So there are multitudes. You’ve got a leader proclaimed as king. Now all you need is a confrontation to spark a revolution! If revolution is what Jesus wants, it would make sense for him to lead the crowds to the Roman garrison or to Herod’s palace. Confrontation would be guaranteed there! But instead Jesus leads them to the Temple! As the crowds surge around Jesus up the steps, through the gates and into the Court of the Gentiles, Jesus begins to turn over the tables of the money changers, to drive out the sacrificial animals being sold there, and to command the buyers and sellers to leave. By doing this he was establishing his authority over the temple.

You’ve heard of Occupy Wall Street? This is Occupy Temple Mount!

Jesus isn’t breaking any laws, so the authorities can’t arrest him. And, he’s got a huge following with him, so any overt move against him could get ugly. Plus, it’s hard to do anything to a guy that’s busy healing blind and lame people as fast as they can be brought to him.

The next day as Jesus and his multitude of followers flooded the Temple once again, and the religious leaders decided to try to trip him up so that the Romans could swoop in and arrest him. They knew that the Romans would be aware of what was going on, and, being very suspicious of sedition, they’d be watching closely. Anything that smacked of revolution would be dealt with decisively and brutally. So, they tried to trick Jesus into making statements that were openly seditious.

Taxation by the Romans was a sore spot for the Jews. So, they asked Jesus a question about taxation; “Should we pay taxes to Rome or not?” If Jesus said “Yes” then the crowd would turn on him. If Jesus said “no” the Romans would arrest him. But he surprised them by asking them who’s image was on the a coin. They said, “Caesar’s.” Then Jesus told them to give to Caesar what belongs to Caesar, and give God what belongs to God. He’s telling them that Caesar owns what bears his image, but nothing else. Caesar controls the economy…his image is on the money. Caesar controls the military…his image is on the standards. Caesar controls the courts…his image stands in all of them. But he doesn’t own you!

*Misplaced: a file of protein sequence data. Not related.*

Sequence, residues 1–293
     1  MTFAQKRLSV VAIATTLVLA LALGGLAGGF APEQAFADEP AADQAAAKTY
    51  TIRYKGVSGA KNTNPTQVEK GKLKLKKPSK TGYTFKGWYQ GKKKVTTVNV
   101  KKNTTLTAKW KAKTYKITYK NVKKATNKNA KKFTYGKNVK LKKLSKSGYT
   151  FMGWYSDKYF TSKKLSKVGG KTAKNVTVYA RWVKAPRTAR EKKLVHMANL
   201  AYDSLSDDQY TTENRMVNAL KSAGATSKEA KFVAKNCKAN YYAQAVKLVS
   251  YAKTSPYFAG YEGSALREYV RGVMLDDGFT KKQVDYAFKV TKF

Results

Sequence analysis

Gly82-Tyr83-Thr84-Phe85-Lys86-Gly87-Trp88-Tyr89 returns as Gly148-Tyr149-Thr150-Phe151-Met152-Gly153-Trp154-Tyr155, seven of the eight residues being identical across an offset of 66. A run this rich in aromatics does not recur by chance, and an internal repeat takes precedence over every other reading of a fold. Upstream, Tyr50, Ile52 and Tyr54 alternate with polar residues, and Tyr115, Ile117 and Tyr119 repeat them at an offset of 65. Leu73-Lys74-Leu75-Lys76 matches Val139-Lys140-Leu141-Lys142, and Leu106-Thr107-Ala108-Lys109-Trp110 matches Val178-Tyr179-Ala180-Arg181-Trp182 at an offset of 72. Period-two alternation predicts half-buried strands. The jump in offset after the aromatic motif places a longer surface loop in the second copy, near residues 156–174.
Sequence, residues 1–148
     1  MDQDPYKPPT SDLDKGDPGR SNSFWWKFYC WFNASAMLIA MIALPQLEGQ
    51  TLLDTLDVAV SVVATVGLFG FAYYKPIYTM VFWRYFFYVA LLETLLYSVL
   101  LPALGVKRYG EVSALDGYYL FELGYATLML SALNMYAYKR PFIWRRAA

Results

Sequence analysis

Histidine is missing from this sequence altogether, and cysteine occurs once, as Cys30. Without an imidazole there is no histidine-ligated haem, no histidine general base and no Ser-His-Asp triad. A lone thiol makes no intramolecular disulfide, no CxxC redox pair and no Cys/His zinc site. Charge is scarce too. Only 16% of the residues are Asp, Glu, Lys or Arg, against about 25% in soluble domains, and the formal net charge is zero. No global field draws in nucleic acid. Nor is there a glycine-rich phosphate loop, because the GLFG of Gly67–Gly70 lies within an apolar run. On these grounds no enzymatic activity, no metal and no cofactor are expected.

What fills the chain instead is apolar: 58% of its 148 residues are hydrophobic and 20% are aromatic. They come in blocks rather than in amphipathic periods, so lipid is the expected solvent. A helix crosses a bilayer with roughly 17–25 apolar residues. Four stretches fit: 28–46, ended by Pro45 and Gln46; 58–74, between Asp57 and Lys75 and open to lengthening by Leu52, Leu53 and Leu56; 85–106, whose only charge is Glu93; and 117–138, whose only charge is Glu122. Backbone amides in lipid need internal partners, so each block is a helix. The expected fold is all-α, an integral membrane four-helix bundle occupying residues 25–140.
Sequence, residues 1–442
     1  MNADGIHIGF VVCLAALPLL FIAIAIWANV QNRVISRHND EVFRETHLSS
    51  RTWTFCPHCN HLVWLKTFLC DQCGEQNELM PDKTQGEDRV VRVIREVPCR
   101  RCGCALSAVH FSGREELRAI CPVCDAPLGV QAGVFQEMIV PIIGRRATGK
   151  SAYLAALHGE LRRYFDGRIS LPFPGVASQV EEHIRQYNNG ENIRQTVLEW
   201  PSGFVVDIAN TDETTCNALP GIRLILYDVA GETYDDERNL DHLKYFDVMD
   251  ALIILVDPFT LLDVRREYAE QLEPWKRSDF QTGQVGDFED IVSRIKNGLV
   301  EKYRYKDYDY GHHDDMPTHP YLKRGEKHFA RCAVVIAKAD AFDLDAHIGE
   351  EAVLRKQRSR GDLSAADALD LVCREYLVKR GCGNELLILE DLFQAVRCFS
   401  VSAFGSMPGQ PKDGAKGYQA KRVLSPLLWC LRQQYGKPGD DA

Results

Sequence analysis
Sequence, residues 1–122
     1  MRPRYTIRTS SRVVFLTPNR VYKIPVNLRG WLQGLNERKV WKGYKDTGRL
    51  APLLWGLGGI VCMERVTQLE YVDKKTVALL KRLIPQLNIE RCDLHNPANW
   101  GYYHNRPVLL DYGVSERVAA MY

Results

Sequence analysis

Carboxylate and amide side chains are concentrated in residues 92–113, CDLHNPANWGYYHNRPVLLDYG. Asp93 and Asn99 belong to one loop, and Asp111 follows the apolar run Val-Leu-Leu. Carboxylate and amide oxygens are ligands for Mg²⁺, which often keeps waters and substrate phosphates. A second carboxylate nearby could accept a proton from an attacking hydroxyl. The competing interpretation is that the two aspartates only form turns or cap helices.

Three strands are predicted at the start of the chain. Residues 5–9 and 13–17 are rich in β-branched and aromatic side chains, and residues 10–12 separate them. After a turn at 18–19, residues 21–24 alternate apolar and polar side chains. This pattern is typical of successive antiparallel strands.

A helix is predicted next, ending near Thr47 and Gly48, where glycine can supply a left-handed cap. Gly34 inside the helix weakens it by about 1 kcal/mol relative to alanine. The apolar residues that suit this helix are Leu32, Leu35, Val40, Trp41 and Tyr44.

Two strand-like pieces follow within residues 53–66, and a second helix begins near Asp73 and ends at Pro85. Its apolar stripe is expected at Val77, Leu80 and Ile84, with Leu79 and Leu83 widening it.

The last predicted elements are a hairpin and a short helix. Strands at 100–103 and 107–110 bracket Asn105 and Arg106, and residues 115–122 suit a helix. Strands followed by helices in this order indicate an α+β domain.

Imagine the multitude that surrounds Jesus as he answers the religious leaders. They are largely poor, many of them slaves or freedmen. They have visible scars on their bodies where they’ve been branded by Roman masters or Roman courts. Some have a large ring through an ear indicating their slavery. Others have been tattooed by their masters, so their status is plain to see. And as they stand and listen to Jesus make his pronouncement about image and ownership, the undercurrent of meaning breaks in on them and says, “No one owns you! No matter what brand they’ve burned into your flesh, no matter what tattoo you bear, no matter how large the ring in your ear…NO ONE owns you! You are made in the image of God, so HE owns you, and you are free from all the rest!”

Yes, Jesus was most definitely a radical.

Closing:

We have little awareness of how carefully Jesus picked his way along the edge of open insurrection. His declaration of Jubliee, his proclamation of a New Kingdom, and his march through Jerusalem while being hailed as king, are only three indicators of just how radical he was. There are others. Yet with the throngs behind him, and the dynastic right to the throne, Jesus chose at the crucial moment to lead his followers to the Temple, of all places…to cleanse it…and to heal.

Perhaps Jesus was sending us a message. Maybe he was trying to tell us that the greatest, the most significant, the most radical revolution of all is the one that occurs when God rules the temple of the heart. Perhaps the radical nature of Jesus cleansing the Temple is an indication of the radical way that he cleanses the heart. And maybe his acts of healing tell us that after our cleansing he’ll begin to heal our souls.

After all, Jesus is still a radical. He can still press the “reset” button your life and let you start over. He still declares that you can serve a new King as a citizen of Heaven’s Kingdom. And He still frees you to be God’s image in God’s world.